Why Do We Watch Fireworks On The 4th Of July?

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Why Do We Celebrate The 4th Of July With Fireworks?

People across the U.S. celebrate the 4th of July by watching fireworks light up the night sky. But why did the tradition start?

People also light fireworks on New Year’s Eve, Memorial Day, and Labor Day. Although no holiday is more closely associated with fireworks than the 4th of July.

A person watches fireworks on the 4th of July
Photo by Spenser Sembrat on Unsplash


So, what’s the history behind this beloved Independence Day tradition? As it turns out, Americans have celebrated the 4th of July with fireworks since the very beginning.

The First Organized Independence Day Celebration Was In 1977

The U.S. Declaration of Independence was officially adopted on July 4, 1776. History (formerly The History Channel) details how the first organized Independence Day celebration occurred one year later in Philadelphia, Pennsylvania.

The Pennsylvania Evening Post reported that the day’s celebrations ended with “a grand exhibition of fireworks (which began and concluded with thirteen rockets) on the Commons, and the city was beautifully illuminated.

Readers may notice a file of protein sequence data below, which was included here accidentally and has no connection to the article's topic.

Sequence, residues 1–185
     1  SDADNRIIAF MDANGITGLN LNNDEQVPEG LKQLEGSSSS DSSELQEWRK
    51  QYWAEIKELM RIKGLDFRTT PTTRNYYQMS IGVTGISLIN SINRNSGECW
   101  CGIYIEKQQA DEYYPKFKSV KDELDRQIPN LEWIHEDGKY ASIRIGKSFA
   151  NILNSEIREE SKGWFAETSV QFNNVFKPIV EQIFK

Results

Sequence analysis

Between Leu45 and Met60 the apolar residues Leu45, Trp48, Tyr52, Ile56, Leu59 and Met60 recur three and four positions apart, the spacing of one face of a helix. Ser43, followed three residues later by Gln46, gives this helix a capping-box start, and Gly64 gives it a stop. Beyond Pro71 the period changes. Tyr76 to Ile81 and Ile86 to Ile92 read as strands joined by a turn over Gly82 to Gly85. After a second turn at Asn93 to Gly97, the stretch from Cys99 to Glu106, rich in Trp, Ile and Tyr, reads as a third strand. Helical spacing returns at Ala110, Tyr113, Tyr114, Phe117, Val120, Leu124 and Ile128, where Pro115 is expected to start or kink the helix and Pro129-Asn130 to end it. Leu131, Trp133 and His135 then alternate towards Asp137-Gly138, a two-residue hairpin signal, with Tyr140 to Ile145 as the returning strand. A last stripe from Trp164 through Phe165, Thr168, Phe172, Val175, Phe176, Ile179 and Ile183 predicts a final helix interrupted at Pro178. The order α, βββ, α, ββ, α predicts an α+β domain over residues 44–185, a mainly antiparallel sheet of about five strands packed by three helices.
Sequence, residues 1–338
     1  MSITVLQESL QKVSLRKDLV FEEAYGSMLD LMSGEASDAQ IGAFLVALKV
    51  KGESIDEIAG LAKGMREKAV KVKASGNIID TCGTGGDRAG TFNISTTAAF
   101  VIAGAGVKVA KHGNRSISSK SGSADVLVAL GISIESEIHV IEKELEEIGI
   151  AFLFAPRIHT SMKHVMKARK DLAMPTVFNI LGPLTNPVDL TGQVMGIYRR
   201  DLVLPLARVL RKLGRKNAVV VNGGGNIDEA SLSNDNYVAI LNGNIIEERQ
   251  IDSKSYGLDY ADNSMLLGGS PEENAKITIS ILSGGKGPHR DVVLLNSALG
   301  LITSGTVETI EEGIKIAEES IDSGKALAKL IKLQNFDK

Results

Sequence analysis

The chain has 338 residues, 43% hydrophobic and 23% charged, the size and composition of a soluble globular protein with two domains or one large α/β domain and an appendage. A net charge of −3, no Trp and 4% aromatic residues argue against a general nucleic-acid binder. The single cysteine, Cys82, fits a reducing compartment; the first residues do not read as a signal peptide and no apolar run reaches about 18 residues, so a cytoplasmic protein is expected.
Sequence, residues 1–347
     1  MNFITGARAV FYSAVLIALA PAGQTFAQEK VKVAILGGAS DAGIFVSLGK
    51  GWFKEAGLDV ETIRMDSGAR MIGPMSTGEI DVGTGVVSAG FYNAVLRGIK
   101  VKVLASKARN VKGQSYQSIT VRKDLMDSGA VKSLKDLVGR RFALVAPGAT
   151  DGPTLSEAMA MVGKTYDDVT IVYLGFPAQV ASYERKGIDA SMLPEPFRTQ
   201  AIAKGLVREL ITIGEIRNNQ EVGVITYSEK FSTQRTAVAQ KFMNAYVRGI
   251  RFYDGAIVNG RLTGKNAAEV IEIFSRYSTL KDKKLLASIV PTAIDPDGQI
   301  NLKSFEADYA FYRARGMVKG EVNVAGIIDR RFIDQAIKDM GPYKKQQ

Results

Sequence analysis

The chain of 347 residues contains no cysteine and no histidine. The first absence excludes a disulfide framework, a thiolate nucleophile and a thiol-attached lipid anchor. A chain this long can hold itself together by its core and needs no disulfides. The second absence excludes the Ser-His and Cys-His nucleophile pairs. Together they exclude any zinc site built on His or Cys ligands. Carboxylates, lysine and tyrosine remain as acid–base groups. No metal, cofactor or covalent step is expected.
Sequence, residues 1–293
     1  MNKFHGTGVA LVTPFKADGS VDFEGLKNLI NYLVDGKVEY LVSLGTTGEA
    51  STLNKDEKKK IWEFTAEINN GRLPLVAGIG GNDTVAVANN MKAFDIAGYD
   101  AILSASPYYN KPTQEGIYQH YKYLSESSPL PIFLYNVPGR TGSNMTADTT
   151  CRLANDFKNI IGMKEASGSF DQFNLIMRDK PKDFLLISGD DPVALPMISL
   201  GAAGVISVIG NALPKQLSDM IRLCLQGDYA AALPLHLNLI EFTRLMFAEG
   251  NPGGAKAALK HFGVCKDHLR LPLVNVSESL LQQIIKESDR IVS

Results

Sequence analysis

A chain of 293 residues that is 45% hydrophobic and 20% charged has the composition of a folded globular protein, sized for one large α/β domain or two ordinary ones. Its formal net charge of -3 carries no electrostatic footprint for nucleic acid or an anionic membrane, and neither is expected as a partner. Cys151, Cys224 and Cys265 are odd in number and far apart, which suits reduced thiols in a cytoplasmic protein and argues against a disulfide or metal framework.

As the years passed, other cities started celebrating the 4th of July. Their celebrations included picnics, parades, speeches, and, of course, fireworks.

Enthusiasm surrounding Independence Day picked up after the War of 1812. By then, fireworks were easier to obtain, so they were more widely used in the 4th of July celebrations. They became even more popular as cannons and gunfire were phased out of the festivities because of safety concerns.

Watching Fireworks On The 4th Of July Is A Centuries-Old Tradition

Congress officially established Independence Day as a holiday in 1870. Fireworks have remained an integral part of 4th of July celebrations ever since.

4th of July fireworks display
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When discussing the connection between fireworks and the patriotic holiday, Historian James Heintze, author of The Fourth of July Encyclopedia, notes one reporter’s words from 1898:

“The American Fourth of July is the greatest event the maker of firecrackers knows.”

These days, fireworks shows are often set to patriotic songs that celebrate the U.S. and its military. Spectators gather at local parks, ballfields, and fairgrounds to watch the multi-colored lights dance across the night sky. Others opt to have their own fireworks shows at home to entertain their family and friends.

No matter how you choose to view fireworks this Independence Day, you now know the origins of the centuries-old tradition!